Self Care for the Breast Feeding Mom

To breastfeed successfully, you really don't need anything more than your breasts and your baby. That being said, breastfeeding isn’t always easy and it's even easier for mothers to forget that they need to care for themselves as well as their baby! It’s important not only to be informed on what breast feeding might look like for you, but also how you can take care of yourself during the process. Here is a quick guide on types of nursing, breast milk vs. formula, proper latching, and ways to take care of yourself.

 

Types of Breastfeeding

First off, all women, children, and families are different. Therefore, breast feeding can look different to all Moms. Not every mother will nurse in the same way, for the same amount of time and with the same success.  Some women breastfeed fully, some breastfeed partially, and some only when absolutely necessary. Here are some of the ways women choose to breastfeed:

 

A Little About Breast Milk

For years and years, breast milk has been the ideal source of nutrition for babies. From colostrum to transitional breast milk to mature breast milk, it provides the nutrition your baby needs at every stage for healthy growth and development.

Breast milk is made up of an incredibly unique combination of protein, fats, carbohydrates, vitamins, and minerals that adjust with your child as they grow. It also contains immune-boosting antibodies, white blood cells, and enzymes that can help protect your child from certain common childhood illnesses.

 

A Look At Formula

While baby formula is a perfectly safe alternative for babies who cannot breastfeed, sadly it is not a perfect match to your body’s unique breast milk. Scientists are still continuing to discover new components in breast milk and why they're important. When considering exclusively formula feeding your baby, the most important thing is to do your research so that you can make the most informed decision for yourself. Then you can focus on nourishing and nurturing your baby — instead of dwelling on any negative emotions you may experience in the process. You should also never hesitate to share your feelings with your Doctor, Midwife, or Nurse. Also friends and family you consider to be a part of your support circle.

Remember, parenting is an adventure that requires choices and compromises. What counts is doing the best you can as you face this new challenge!

 

Breastfeeding Positions and Latching On

When you're just getting started with breastfeeding, your baby's position and the way they attach to your breast are very important. A good breastfeeding position encourages a proper latch, which is necessary for breastfeeding success.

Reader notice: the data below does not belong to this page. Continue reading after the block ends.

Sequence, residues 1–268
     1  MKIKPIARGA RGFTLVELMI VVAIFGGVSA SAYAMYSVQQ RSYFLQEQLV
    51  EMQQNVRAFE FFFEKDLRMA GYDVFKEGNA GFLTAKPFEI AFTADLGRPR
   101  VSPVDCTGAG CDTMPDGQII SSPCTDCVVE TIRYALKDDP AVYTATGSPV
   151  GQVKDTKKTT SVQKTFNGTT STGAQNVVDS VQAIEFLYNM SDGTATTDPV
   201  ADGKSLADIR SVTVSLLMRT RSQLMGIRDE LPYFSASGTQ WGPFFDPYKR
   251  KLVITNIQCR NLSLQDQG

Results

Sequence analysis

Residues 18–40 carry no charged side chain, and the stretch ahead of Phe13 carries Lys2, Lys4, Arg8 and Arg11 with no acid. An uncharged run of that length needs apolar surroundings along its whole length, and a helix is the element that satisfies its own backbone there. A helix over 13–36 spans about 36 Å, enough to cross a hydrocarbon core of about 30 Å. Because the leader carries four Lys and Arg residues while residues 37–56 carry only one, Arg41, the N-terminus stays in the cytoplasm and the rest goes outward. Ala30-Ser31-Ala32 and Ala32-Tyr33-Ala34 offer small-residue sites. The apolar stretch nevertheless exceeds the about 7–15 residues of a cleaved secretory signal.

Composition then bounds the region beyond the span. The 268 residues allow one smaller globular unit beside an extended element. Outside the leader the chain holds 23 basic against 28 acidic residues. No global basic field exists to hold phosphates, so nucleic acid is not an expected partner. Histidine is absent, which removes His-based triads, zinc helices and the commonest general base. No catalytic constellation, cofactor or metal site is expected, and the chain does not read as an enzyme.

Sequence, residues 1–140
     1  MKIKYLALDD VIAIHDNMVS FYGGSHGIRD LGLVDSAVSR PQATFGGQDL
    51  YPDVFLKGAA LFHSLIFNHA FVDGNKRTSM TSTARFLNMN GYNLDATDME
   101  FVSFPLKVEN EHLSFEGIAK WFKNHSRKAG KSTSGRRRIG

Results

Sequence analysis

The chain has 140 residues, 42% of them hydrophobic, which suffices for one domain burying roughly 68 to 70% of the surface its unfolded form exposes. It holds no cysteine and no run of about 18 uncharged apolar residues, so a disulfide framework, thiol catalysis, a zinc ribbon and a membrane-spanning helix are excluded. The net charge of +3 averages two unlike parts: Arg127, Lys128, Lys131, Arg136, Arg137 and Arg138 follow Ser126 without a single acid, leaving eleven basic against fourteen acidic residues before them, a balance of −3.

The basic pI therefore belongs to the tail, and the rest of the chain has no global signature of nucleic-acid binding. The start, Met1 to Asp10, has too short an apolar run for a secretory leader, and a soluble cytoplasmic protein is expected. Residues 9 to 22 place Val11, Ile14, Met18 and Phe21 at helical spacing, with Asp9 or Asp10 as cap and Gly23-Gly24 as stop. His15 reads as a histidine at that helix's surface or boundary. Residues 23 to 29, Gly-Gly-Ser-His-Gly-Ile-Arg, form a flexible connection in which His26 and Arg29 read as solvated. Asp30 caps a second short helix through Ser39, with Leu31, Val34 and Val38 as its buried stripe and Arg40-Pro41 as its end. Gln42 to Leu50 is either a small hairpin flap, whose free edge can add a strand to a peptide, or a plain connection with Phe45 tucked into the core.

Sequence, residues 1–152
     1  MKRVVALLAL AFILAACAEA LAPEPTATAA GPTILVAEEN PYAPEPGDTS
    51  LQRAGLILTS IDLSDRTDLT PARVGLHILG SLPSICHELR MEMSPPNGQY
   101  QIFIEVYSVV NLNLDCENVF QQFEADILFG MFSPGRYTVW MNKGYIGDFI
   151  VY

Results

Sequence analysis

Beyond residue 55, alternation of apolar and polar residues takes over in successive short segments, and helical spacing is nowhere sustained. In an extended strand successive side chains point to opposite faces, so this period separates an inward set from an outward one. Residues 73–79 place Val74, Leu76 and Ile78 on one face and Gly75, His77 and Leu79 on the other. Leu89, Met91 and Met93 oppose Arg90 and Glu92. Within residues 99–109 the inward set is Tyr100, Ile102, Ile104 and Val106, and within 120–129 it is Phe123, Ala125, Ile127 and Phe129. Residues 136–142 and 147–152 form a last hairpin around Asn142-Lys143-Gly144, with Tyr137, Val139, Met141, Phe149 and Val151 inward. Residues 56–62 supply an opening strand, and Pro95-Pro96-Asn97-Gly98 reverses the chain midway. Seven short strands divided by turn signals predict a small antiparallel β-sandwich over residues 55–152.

When your baby latches on properly, they are able to remove the breast milk much more effectively. A correct latch allows your child to get ample breast milk and also helps in preventing breast issues such as sore nipples or mastitis.

Don’t worry if you feel some odd or uncomfortable sensations. It can take some time for your breasts to get used to feedings, but it should not cause you any intense pain. If you experience pain when your baby latches on or attempts to, and it does not go away within a minute or two (or with a change in position), talk to your doctor, your child's pediatrician, and/or your lactation consultant.

Caring for Yourself and Your Breasts While Breastfeeding

It’s so easy for breastfeeding mothers to forget that they need to care for themselves as well as their baby! There's so much to think about with remembering when the baby's last feeding was, making sure the baby's positioning and latch are correct, that you can easily leave your own well-being at the doorstep. Here are some ways you can care for yourself while nursing:

When you take care of your own needs by eating well, getting some rest, having some time to take a shower, and spending time with a friend, it can help you feel healthier and happier. And, when you feel good, you'll be ready and able to better care for your baby and your family.

"Ultimatly, we care that your baby is fed and loved. We are here to help you no matter how you decided to achieve that goal." -Bethany Mainville, SNM,FNP

Looking for more information on breast feeding? Schedule a visit with one of our skilled Doctors, Nurse Midwives or Nurse Practitioners to get support and guidance on all of your questions when it comes to nursing. Virtual visits are available! 

 

Author
Bella Women's Care Blogger

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